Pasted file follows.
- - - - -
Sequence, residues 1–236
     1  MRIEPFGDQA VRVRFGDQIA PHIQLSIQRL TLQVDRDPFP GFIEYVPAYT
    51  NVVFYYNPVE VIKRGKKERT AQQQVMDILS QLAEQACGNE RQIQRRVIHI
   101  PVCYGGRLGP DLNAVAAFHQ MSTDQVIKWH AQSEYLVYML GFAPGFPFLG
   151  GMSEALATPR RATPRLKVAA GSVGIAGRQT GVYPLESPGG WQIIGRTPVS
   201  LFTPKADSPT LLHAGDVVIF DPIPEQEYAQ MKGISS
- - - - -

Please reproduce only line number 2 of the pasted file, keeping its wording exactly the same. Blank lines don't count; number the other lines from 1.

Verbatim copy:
     1  MRIEPFGDQA VRVRFGDQIA PHIQLSIQRL TLQVDRDPFP GFIEYVPAYT